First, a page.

I sometimes get frustrated with the school now for what they expect from parents who are so busy – have I mentioned the recent Crazy Paper Hat Day extravaganza? With two days’ notice to make a Crazy Paper Hat?  Have I mentioned that I work full-time? – But how much harder it must have been to be a working mum with primary school kids back in the seventies, when everyone expected all mums were home and had oodles of time and family or neighbourly help to hand. At least these days, as hard as it might get, you know you’re not in the minority.

At least the school musical “costume” is easy – the remit was just a dress or skirt and top in bright light colours, and ribbons or colour spray for hair. Whew! Even I can do that!

...And, just because I am still traumatised, I'm going to throw in a picture of the hats I made on the night before last day of Term 3, for Crazy Hat Day.

Oct 6, 2011

A Week in My Working and Parenting Life

Image: FreeDigitalPhotos.net
Planning With Kids is a great blog and resource for parents with loads of practical advice and things to do. Maxabella Loves is a really well-written blog by a woman who knows what it's like to juggle full-time work and parenting. Last month these two good things came together when The Planning Queen hosted a guest blog by Maxabella called Working and Mumming which detailed a week in her life and "how she does it".

I liked this idea so I thought I should copy it.

As Maxabella says, it takes a lot of organisation and strategic thinking to manage full-time work and parenting, as well as a support network. No one does it alone (or if they do, they deserve some kind of award and government compensation immediately).

So here is a week in our lives - work, school and everything else.

We have twin girls who are in their first year (prep) at school. I work Monday to Friday at an investment bank in the city, and my husband Y. works 4 to 5 days a week (it varies) at a cafe in a suburb 20 minutes drive from home. Y. has Thursdays and Fridays off, and works Sundays and sometimes also Saturday.

Our kids go to the local government school which is a five minute drive from our house.
They do before-school and after-school care on Mondays, Tuesdays and Wednesdays.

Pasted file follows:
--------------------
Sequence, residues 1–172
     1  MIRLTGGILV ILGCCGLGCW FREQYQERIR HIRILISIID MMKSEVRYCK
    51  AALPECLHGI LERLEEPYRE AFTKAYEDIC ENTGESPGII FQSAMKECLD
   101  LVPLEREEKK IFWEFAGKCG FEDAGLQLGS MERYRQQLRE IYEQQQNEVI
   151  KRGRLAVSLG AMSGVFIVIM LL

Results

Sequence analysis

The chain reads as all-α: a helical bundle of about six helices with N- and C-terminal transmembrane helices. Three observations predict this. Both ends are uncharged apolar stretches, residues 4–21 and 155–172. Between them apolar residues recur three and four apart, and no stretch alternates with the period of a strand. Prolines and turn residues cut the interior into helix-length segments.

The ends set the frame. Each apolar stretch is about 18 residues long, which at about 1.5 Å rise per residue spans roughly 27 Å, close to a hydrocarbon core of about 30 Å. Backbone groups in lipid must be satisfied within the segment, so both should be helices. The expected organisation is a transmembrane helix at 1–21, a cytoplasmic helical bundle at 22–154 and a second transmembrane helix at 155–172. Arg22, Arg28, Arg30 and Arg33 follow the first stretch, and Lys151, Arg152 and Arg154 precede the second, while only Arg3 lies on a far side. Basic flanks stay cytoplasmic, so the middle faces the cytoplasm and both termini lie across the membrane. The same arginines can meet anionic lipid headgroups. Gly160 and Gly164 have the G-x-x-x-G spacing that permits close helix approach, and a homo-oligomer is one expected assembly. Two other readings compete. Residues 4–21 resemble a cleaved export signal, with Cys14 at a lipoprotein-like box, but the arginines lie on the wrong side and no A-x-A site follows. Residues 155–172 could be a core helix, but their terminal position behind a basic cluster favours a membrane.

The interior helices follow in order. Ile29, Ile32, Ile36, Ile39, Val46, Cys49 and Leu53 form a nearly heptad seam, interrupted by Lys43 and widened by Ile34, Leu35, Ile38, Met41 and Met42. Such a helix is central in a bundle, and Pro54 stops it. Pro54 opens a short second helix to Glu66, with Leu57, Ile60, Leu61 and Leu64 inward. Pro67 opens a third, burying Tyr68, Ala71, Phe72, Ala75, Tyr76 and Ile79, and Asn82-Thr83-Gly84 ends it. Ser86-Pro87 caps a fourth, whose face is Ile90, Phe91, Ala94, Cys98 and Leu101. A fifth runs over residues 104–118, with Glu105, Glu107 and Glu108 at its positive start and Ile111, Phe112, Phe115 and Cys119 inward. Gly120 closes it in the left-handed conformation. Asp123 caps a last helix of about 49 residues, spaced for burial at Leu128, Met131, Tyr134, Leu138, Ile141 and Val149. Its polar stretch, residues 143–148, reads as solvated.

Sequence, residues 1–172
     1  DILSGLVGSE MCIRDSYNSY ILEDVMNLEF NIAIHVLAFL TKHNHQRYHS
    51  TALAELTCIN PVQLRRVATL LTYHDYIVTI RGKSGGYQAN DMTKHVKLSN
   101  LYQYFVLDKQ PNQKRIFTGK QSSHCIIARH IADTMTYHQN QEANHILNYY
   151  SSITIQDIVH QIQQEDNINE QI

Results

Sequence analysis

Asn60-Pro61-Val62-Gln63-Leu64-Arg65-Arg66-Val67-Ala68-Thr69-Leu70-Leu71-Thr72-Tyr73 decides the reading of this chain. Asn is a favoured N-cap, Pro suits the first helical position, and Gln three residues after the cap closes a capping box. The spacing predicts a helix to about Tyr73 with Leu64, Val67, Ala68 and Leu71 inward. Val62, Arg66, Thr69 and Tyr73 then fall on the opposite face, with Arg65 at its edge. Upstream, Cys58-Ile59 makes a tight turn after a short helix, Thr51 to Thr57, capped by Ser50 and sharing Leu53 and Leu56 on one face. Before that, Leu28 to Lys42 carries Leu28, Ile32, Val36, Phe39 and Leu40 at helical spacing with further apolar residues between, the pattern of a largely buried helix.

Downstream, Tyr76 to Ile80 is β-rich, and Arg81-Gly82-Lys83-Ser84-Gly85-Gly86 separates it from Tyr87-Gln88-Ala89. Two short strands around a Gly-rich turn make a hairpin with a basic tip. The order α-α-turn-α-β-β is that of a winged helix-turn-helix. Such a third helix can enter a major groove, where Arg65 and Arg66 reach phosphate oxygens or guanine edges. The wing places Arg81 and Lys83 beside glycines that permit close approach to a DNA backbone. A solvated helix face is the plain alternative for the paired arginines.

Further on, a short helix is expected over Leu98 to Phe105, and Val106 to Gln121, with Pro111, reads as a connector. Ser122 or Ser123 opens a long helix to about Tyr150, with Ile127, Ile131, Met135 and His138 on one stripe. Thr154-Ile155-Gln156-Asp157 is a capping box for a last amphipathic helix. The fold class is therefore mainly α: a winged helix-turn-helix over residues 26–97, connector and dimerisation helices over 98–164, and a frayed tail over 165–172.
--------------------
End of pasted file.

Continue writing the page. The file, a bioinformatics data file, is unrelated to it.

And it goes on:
On Friday afternoons they go to Greek school, which goes from 5pm to 8.30pm (poor things!)

Y. takes the kids to school or before-school care every day, as I really need to hit the freeway before 7.00am to make my 8.00am start at work.

I drive to work rather than take the train, because where we live doesn't link buses to trains very well so I already have to drive to a train station, and because the commute home takes me an hour and a half using the train so I prefer to drive in 40 minutes and be home that much earlier.
However the cost of driving is high, what with road tolls, petrol and parking, plus the hidden costs such as wear and tear on the car, increased risk of accidents, etc etc. This is one of the reasons I would like to work closer to home next year.

Y. picks up the girls from after-school care on Mondays, and from school on Thursdays and Fridays. I pick them up from after-school care on Tuesdays and Wednesdays.

When we get home on Mondays, Tuesdays and Wednesdays it is after 6pm. The girls are tired and hungry, and we need dinner to be ready right now (I discussed that here). I'm not big on cooking double and freezing on weekends (tried in the past, not my favourite), so on Sunday I'll cook something for Monday night, and on Monday night after the kids are in bed or while they're having a bath I'll cook something for Tuesday night. On Tuesday I don't usually cook a full meal for Wednesday night but cook some rice or pasta spirals and make sure I have enough bits and pieces in the fridge for a "picnic dinner" on Wednesday, or I do scrambled eggs, baked beans or similar on Wednesdays. Takes the pressure off us all. Currently I have a small number of meals on high rotation and I keep meaning to set aside some planning time in the evening to go through my recipe folder and come up with more, as I know I used to have a much higher number of 'favourites' back when I worked part-time and was a little more into the forward-planning.

On Thursdays and Fridays Y. cooks dinner, usually a barbecue or his current specialty, meatballs slow-cooked in spicy tomato sauce.

Monday through Thursday the evening routine is the same: dinner, homework, bath or shower, bed. While I wish we could let the kids just hang and relax a bit more, we have to do the homework, and they have to get to bed at a reasonable hour to manage school. While their teachers bang on about preppies needing to be in bed by 7pm, there is not one family I know which manages this (even without work), so we do 8.30 and it seems to work.

Each night I do the reading homework with the girls while Y. cleans up the kitchen and gets their beds ready for night-time (he has a special touch creating a cosy, neat bed). While they're in the bath they play a bit and I get their lunches and drink bottles ready for the next day, and do any school notice admin required.

On Fridays they're allowed a lunch order so the kids and I sit together and write up the order on Thursday nights.

On Fridays Y. takes them to Greek school and I pick them up in the evening. Friday nights they are very tired so Saturday morning they sleep in till whenever they want - generally around 9.